Lower CoSMOS-Life of Lance Vier #4

“Hope is worthless unless we use it.”

Credit: Pixabay

            Pibb sat on the driver’s side as I rounded the back. His mouth moved on the inside but no words hit my ears with both windows closed. Mother moved forward. Broke. Moved forward again. Broke. She wanted to leave without my getting in. Sometimes she skidded in her effort to take off but was soothed with Pibb’s speech. It became muffled and louder. I stood behind her. How would I know she thought I left her to die when I didn’t know who she was.

            “I didn’t know!” I screamed. There was never anyone around anyway so it did not matter how loud I got. To each end of the street, there emptiness solidified. The lack of any people reminded me of how far we have become so isolated from each other.

            I gave up and waited until she decided to stop moving down the street to get away from me. “Hell, I didn’t know.” The water on my face was unfamiliar. Human tears. I had them. Did I want them? No. But it hurt knowing what she thought of me. She stopped, still wanting to leave. Pibb rolled down his window.

            “Come on, Lance,” he said forcing his head out of the window.

            I grabbed the passenger door and tried to open it. She stayed locked and I tried again. Pibb attempted to coax her until the latch released inside. While I opened the door, she made the door too heavy to close.

            “Sweetheart. Stop. Stop,” Pibb said.

            I finally sat in.

            It took us a few hours of forced silence because Pibb preferred it so he had the right words to relay to me. We hovered over a small field in Nebraska. Flying cars are outlawed like anything else today. The wealthy have them but for us, the versatility of use is too much. For our safety, of course.

            “You ever want to die?”

            “All the time,” I said.

            “All the fun is gone. Not even tacos taste like tacos anymore. They taste more like tacos. Overdone artificial flavor. Well done, I should say. Not in a good way. They used to taste real. Like the beans. Smooth and mixed with cheese. Nothing like refried beans with a spoon and lettuce and tacos. Dipping those tacos in the beans. They’re gone.”

            “We don’t have choices.”

            “Nah, they took those all away,” he said, “I see it. Every last bit of fun so we want to die.”

            “We had it back in the day though. Your dad would tell you. I regret coming out here. But, she isn’t going to like being crushed and reused as a new building or someone’s air vent.”

            I nodded and waited to ask the obvious, “Is she the last one?”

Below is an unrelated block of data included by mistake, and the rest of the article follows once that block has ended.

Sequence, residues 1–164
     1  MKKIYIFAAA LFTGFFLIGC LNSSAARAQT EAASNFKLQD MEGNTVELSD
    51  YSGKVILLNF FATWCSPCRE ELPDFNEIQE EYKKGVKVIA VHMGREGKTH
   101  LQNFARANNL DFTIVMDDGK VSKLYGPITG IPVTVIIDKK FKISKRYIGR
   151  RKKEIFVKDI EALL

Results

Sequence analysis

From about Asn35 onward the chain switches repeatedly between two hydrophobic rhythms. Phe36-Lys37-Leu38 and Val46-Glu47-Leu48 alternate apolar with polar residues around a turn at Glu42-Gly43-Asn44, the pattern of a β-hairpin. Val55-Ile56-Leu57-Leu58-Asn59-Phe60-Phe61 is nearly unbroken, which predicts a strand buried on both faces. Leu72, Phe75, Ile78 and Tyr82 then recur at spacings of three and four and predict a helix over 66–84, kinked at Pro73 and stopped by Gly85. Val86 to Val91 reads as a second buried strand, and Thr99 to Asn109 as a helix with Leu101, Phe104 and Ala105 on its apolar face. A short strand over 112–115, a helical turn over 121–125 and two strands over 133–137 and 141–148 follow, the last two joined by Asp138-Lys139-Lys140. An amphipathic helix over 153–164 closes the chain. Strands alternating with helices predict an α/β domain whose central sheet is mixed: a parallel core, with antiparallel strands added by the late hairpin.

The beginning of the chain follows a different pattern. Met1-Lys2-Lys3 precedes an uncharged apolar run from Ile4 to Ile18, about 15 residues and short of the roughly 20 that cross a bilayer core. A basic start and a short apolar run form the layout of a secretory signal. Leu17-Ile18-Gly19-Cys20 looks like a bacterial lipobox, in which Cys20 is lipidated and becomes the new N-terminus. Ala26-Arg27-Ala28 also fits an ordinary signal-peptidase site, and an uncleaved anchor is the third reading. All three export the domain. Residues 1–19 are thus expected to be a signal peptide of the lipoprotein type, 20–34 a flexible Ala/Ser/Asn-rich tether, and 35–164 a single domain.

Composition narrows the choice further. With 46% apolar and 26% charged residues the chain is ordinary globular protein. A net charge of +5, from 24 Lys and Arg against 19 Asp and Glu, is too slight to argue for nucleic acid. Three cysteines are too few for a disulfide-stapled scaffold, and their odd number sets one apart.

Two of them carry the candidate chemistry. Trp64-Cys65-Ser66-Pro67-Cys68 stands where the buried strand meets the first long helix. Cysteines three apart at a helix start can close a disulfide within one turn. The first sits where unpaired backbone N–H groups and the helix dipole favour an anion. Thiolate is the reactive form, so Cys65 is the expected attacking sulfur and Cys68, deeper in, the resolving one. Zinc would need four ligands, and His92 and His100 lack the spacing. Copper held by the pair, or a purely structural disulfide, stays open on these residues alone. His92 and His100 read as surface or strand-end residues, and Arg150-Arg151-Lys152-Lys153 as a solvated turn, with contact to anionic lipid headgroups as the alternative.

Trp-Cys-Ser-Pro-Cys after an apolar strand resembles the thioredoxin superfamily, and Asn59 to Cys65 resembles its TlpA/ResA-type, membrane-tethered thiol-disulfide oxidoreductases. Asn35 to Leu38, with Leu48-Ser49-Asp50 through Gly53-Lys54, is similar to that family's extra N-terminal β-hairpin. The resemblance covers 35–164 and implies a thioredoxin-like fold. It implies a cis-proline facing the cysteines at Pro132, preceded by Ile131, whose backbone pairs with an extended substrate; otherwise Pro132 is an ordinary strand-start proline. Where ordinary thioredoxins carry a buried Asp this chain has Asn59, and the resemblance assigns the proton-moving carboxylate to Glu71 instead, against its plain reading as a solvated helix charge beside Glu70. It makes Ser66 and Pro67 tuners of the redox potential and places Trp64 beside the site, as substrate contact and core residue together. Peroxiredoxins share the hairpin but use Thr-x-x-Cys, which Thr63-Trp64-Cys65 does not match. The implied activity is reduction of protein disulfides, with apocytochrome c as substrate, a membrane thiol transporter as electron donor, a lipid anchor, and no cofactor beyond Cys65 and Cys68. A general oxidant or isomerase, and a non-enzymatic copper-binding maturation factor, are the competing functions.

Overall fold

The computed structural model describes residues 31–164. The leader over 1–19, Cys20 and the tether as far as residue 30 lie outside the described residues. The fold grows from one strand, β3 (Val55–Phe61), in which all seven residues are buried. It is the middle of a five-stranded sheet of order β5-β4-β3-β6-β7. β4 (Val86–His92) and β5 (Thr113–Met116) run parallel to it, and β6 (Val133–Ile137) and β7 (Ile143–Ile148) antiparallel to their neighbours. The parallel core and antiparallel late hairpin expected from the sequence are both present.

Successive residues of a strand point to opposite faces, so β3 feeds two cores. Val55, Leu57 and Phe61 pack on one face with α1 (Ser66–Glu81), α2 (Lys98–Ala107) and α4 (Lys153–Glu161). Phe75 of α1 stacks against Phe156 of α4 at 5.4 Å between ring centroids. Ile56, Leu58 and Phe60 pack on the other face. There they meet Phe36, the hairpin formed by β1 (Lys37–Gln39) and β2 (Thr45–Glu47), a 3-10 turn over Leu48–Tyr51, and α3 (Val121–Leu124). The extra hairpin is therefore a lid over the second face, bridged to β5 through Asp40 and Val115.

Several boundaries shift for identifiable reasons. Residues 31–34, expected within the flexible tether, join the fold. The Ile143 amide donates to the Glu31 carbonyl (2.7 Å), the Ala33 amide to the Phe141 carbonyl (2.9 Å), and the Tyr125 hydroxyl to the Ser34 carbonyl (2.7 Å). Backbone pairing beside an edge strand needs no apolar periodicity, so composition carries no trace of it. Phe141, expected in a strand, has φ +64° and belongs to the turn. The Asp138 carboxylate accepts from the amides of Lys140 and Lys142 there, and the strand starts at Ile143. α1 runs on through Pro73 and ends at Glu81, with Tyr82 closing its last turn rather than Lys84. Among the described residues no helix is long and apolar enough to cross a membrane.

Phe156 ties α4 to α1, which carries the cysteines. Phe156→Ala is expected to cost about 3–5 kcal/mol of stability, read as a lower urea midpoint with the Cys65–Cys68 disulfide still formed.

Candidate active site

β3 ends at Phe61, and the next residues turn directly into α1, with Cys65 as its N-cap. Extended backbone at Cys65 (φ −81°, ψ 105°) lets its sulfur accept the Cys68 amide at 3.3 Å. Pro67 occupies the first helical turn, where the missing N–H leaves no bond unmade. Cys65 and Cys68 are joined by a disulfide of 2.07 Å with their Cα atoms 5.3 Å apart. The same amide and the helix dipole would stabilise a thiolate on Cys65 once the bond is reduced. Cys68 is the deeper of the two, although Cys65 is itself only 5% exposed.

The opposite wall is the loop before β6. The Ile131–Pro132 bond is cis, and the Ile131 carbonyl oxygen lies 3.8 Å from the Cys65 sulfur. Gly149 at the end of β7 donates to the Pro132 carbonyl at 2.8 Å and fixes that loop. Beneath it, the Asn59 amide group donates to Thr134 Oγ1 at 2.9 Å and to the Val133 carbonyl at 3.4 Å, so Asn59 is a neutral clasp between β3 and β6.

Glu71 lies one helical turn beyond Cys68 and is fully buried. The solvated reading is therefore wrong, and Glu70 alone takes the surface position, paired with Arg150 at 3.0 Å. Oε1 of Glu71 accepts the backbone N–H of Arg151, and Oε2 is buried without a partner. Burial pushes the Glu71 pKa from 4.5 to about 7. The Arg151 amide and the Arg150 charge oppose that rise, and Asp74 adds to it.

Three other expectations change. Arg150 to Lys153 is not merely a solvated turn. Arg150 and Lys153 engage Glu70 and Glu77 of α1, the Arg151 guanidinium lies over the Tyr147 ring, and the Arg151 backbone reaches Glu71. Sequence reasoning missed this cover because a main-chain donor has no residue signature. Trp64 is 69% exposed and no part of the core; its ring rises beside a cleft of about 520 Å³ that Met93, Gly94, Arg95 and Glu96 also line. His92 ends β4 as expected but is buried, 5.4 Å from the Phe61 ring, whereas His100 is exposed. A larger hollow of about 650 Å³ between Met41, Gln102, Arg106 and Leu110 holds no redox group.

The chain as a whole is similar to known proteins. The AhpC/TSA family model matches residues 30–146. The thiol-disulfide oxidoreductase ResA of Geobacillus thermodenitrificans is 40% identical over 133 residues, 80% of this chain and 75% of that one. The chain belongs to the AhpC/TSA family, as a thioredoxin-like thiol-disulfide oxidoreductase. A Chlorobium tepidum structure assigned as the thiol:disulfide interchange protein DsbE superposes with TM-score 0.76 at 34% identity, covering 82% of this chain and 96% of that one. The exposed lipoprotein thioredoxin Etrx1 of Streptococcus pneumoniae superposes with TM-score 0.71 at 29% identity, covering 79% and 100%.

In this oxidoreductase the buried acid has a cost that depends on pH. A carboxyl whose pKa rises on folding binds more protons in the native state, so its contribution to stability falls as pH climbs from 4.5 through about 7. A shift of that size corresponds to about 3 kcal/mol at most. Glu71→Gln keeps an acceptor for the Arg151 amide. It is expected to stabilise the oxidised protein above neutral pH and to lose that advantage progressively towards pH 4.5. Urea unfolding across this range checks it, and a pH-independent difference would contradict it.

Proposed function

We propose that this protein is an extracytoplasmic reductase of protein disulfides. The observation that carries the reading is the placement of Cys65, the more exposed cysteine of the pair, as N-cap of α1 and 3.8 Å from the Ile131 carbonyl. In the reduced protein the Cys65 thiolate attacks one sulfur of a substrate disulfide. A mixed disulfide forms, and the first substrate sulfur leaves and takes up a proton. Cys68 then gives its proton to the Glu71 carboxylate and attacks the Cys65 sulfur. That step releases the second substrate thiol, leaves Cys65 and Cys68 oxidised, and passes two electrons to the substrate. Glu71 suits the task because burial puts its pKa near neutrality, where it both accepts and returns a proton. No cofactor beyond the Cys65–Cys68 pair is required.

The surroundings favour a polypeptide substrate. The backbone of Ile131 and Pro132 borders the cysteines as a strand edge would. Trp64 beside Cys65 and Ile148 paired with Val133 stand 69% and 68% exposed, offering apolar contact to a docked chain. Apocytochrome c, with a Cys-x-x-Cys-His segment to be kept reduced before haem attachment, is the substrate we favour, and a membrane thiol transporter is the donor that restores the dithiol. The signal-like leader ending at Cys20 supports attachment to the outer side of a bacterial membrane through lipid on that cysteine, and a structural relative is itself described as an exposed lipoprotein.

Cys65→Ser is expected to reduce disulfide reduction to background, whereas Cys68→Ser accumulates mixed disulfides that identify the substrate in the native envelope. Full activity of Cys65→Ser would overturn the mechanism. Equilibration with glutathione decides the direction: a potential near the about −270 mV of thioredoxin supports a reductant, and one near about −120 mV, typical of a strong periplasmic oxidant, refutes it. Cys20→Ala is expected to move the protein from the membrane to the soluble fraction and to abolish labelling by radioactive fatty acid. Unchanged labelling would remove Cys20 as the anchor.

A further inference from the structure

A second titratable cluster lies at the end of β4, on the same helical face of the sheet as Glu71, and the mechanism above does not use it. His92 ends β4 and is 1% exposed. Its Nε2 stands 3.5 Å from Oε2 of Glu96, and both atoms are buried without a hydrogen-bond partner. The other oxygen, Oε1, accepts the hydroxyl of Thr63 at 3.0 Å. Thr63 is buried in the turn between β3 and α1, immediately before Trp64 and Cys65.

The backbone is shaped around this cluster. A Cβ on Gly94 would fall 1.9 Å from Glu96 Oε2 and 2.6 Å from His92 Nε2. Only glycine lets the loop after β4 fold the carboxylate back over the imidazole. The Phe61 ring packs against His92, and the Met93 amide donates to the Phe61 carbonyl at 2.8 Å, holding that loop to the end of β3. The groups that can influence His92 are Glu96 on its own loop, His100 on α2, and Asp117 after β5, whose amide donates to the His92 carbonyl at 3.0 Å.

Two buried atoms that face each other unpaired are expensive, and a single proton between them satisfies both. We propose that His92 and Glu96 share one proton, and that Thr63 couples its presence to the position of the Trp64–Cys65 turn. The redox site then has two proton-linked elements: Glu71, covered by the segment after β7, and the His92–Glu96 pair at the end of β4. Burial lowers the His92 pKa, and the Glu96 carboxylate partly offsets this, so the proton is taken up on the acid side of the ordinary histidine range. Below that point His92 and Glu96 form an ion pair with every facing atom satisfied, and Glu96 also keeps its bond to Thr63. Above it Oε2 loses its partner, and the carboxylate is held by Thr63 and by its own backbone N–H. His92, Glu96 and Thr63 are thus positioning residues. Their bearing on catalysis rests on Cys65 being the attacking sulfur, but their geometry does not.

Pibb stared at the lit dashboard. The lights mixed with orange and red. No car came with the additional functions mother had anymore. Someday, I needed to know what did what but now wasn’t the time.

            “They are starting with her. You make them catch her first, it will hold them off coming after the others. It will bruise their egos if they can’t have the Honda.”

            “I thought this was an acura.”

            “It’s in the name.”

            It took me a while to learn that you have to let the old guys be the old guys and not correct them. Let them say what they want though you may not know what the heck they are talking about. What more time might they have to enjoy?

            “We can’t go flying around finding the rest like the Red Diablo or Slave Quan and save them, the dead Minx, Galvator, or Raging Bettle. We need to let them handle their business and we do ours,” he said, the babbling titles irritated me as if I was knew what he meant.

            “What is ours?”

            With people, too much gets screwed with. Too much of one thing tends to be abused. That was DNA. Have you noticed that all great technologies somehow end up in the hands of the public and then regulated? Then, illegal versions of it come out. Somehow with a locked-down society, there are ways around getting things regardless. When elites become bored with a new toy, they pass it down to make money. In the old capitalist system, this is how things worked out. People who had no reason to be famous did so by broadcasting nonsense to a public with nonsense LIVE! twenty-four hours a day, feeding on their minds. It made them relate to the emptiness. FunPacksDNA came out twenty years ago. You could transmit and edit the DNA of other living organisms and manipulate their changes and growth at a horribly advanced pace. Evolution on crack.